\documentclass{article}

\usepackage[math-style=ISO]{unicode-math}
\setmainfont{TeX Gyre Pagella}
\setmathfont{TeX Gyre Pagella Math}
\usepackage{siunitx}

\begin{document}
$$\Phi_{\symrm{\delta}} = \SI{42}{\micro\ohm} \cdot \delta_{\symrm{\Phi}}$$
$$P_{\symrm{d}} = \SI{42}{\nano\ampere} \cdot d_{\symrm{P}}$$
\end{document}


• I was using fontspec and unicode-math before with Minion Pro like in your answer, but as pxfonts looks the same I don't see the point of using it, as it is so damn slow. As it works with unicode-math my code is written like in your answer, but now I would like to change back to non-unicode fonts. Are you aware of a pxfonts-specific solution? Apart from that, the first Phi should be italic. – thewaywewalk Nov 9 '15 at 14:57
• I don't know a pxfonts specific solution, Imho it would be rather difficult and time consuming to set it up. In legacy tex the greek symbols are spread around: some uppercase upright in OT1, some italic upper + lowercase in OML, the rest must probably be pulled from LGR. I changed the math-style to get an italic Phi. – Ulrike Fischer Nov 9 '15 at 15:09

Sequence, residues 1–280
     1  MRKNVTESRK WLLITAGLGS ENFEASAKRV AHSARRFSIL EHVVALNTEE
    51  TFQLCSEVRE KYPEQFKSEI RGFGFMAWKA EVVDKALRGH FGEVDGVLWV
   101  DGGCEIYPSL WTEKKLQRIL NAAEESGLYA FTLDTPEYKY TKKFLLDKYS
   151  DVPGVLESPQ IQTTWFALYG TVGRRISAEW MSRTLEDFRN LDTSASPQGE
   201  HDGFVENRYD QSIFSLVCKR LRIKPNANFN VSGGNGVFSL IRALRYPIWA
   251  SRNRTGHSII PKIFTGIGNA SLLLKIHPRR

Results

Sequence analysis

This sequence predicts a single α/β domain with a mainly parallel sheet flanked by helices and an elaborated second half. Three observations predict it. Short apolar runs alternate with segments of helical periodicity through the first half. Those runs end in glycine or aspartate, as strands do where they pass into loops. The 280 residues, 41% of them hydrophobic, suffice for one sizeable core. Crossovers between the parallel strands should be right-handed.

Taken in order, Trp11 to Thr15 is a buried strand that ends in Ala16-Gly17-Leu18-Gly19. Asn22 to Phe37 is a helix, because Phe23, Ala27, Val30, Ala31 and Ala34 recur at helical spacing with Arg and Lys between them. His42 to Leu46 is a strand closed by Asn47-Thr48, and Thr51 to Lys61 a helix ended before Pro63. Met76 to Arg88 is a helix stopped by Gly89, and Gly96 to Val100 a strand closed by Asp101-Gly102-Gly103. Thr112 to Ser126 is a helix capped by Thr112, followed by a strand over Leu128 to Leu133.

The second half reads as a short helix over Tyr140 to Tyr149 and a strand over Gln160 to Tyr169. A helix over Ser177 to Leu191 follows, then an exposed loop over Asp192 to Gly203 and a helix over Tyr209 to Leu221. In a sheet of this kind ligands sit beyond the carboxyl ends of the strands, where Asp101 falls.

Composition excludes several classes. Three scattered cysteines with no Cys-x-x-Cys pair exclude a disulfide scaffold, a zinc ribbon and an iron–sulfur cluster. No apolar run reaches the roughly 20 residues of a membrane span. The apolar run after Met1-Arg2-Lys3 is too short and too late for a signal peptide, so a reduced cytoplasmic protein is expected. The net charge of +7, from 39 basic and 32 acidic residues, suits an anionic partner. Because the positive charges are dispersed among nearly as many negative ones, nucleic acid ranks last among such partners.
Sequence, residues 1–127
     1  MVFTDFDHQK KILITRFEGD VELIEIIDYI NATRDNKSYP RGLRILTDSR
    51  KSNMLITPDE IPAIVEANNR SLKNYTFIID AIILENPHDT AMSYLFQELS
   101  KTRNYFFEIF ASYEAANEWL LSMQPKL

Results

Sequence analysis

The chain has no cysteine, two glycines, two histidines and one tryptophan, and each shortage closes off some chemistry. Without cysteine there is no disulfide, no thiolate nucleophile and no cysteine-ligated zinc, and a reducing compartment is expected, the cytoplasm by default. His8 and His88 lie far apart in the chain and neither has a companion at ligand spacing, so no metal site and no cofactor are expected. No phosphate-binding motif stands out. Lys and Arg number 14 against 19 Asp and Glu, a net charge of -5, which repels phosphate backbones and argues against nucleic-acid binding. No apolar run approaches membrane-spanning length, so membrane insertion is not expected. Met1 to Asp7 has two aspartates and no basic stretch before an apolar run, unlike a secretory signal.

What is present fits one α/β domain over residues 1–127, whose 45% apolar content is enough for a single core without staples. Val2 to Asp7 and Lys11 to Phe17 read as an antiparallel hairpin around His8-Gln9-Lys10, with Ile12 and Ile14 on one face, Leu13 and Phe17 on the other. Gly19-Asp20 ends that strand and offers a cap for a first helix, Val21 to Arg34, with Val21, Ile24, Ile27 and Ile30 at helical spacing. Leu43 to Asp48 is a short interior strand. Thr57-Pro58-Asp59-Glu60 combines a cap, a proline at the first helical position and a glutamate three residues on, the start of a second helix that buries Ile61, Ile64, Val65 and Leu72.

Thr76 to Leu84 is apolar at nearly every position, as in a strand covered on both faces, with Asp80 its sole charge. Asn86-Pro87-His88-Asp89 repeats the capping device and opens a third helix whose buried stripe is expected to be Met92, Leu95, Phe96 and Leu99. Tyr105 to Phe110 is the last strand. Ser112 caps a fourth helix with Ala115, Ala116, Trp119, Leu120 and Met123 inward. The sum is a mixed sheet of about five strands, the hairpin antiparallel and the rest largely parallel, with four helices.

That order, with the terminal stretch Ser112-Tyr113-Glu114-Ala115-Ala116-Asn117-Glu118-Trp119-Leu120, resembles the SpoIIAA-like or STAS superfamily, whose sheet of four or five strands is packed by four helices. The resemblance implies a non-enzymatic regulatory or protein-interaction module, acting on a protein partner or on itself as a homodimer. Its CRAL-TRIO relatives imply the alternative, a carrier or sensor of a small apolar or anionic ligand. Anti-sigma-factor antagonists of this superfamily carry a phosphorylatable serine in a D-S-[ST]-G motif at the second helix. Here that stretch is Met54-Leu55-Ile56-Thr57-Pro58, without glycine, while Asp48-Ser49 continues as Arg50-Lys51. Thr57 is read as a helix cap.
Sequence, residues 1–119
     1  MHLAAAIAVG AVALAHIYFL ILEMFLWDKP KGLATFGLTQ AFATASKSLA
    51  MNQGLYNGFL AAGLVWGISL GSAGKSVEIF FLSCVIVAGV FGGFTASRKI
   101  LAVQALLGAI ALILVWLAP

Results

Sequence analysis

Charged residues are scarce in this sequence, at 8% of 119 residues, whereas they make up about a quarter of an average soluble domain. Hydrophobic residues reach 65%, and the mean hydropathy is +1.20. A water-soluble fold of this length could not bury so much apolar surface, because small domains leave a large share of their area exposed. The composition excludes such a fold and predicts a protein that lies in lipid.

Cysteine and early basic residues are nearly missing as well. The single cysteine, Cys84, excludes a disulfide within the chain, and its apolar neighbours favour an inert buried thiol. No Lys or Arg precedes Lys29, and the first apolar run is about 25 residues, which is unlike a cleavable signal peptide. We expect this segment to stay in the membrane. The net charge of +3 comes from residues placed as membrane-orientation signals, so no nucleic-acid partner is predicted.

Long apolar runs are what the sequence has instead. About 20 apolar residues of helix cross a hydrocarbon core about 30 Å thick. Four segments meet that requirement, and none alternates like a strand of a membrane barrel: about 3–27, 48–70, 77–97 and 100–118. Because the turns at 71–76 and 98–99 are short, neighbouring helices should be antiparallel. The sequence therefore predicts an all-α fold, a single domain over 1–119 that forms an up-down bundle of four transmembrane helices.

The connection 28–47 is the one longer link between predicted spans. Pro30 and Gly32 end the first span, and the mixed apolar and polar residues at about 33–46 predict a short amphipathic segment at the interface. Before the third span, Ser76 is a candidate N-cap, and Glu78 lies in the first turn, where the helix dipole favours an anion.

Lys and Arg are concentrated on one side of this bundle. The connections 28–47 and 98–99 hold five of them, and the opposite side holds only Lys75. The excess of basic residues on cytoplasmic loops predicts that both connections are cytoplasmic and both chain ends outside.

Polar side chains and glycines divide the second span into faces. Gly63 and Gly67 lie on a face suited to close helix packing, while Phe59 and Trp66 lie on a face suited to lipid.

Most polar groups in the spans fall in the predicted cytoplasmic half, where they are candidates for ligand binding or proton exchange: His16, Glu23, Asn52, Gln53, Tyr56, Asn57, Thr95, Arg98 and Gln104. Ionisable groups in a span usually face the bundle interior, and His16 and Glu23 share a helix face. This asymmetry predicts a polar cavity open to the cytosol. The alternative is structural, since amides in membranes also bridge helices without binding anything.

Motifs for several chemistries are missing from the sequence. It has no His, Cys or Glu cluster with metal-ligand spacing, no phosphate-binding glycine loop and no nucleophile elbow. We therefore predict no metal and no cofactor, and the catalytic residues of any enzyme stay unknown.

• Alright, it appears to me that the my best option is to use \deltaup etc. and in case I switch back to unicode math someday, redefine all greek letters by something like \let\deltaup\delta. I don't really know what to do with your answer now, I appreciate your help, but completely changing the font engine is not really a solution in my eyes. – thewaywewalk Nov 9 '15 at 15:29
• Well you wrote "I accept "no" as an answer.", and that's what I'm saying in the first sentence. I expanded a bit regarding the "no" for the pxfonts. – Ulrike Fischer Nov 9 '15 at 16:04